The hydrogen atom acquires a positive charge while the electronegative atom bears the negative charge. Hydrogen bonding results from the electrostatic interaction between the positively charged hydrogen atom and the negatively charged electronegative atom. The second electronegative atom may be a part of the same molecule or it may belong to a different molecule.

Accordingly, there are two types of hydrogen bonds. If the hydrogen bond is formed between two different molecules it is called intermolecular hydrogen bond. When the hydrogen bond exists within the same molecule, it is called intramolecular hydrogen bonding.

Salicyldehyde ad o-nitrophenol are two common examples of the molecules showing intramolecular hydrogen bonding whereas in water, intermolecular hydrogen bonding exists. The theories of bonding that we have discussed so far do not say anything about the shape of the molecules. It was Chemical Bonding later refined and extended by Nyholm and Gillespie in This theory focuses on the electron pairs present in the valence shell of the central atom of the molecule and can be stated in terms of two postulates: POSTULATE 1 The electron pairs both bonding and non-bonding around the central atom in a Notes molecule arrange themselves in space in such a way that they minimize their mutual repulsion.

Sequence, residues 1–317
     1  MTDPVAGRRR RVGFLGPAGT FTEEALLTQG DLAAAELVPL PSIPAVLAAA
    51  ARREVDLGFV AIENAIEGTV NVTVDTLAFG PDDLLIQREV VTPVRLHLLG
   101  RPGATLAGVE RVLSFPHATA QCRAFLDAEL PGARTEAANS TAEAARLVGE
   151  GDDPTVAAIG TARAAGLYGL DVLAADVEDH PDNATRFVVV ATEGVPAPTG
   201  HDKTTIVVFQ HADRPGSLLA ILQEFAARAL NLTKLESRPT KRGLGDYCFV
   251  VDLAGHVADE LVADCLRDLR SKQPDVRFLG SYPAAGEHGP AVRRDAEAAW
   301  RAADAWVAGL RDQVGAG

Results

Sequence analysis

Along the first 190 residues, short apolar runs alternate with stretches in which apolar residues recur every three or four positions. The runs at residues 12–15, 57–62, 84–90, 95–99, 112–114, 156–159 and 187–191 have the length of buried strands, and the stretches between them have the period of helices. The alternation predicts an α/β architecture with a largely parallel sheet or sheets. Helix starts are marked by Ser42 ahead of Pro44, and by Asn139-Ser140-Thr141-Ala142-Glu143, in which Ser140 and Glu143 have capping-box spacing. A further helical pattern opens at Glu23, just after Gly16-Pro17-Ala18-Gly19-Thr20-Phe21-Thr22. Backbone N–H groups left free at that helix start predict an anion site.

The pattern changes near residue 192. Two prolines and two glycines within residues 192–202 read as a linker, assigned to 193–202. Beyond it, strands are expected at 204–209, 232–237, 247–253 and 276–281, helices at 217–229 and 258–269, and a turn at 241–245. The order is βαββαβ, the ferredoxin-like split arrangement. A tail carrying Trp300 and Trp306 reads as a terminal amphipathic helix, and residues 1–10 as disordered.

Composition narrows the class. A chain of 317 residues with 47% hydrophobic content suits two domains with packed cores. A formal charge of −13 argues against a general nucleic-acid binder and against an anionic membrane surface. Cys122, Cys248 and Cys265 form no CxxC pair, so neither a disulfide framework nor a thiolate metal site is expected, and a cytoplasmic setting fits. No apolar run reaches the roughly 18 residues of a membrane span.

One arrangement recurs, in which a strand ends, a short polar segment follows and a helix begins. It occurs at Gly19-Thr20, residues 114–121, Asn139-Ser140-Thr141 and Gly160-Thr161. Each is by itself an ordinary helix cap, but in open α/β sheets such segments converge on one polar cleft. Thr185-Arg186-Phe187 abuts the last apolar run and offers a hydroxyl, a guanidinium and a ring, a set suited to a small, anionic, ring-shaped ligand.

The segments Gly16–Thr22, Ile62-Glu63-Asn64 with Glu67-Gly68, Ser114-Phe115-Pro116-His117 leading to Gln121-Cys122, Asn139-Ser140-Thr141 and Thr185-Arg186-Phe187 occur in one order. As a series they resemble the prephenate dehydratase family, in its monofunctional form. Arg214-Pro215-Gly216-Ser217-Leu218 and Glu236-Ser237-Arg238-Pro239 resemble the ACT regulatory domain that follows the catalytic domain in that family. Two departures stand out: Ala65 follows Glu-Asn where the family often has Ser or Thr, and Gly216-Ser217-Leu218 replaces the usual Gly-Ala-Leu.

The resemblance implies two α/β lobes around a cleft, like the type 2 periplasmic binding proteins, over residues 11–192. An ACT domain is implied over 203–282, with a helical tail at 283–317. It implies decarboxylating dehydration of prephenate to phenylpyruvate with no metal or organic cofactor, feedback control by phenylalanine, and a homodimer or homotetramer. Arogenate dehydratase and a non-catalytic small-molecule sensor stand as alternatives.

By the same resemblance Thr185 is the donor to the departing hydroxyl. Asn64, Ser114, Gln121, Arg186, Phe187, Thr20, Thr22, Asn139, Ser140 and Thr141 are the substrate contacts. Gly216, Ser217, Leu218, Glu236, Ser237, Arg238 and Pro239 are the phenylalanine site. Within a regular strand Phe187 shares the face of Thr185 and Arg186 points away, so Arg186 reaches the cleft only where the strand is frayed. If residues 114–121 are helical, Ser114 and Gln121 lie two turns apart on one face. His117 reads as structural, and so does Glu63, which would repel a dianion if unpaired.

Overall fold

In other words, the chemical bonds in the molecule will be energetically most stable when they are as far apart from each other as possible. Let us take up some examples. BeCl2 is one of the simple triatomic molecules. In this molecule, the central atom, beryllium has an electronic configuration of 1s2 2s2.

That is it has two electrons in its valence shell. In the process of covalent bond formation with two chlorine atoms two more electrons are contributed one by each chlorine atom to the valence shell.

Thus there are a total of 4 valence electrons or two pairs of valence electrons. According to the postulate given above, these electron pairs would try to keep as far away as possible. It makes the two electron pairs to be at an angle of o which gives the molecule a linear shape.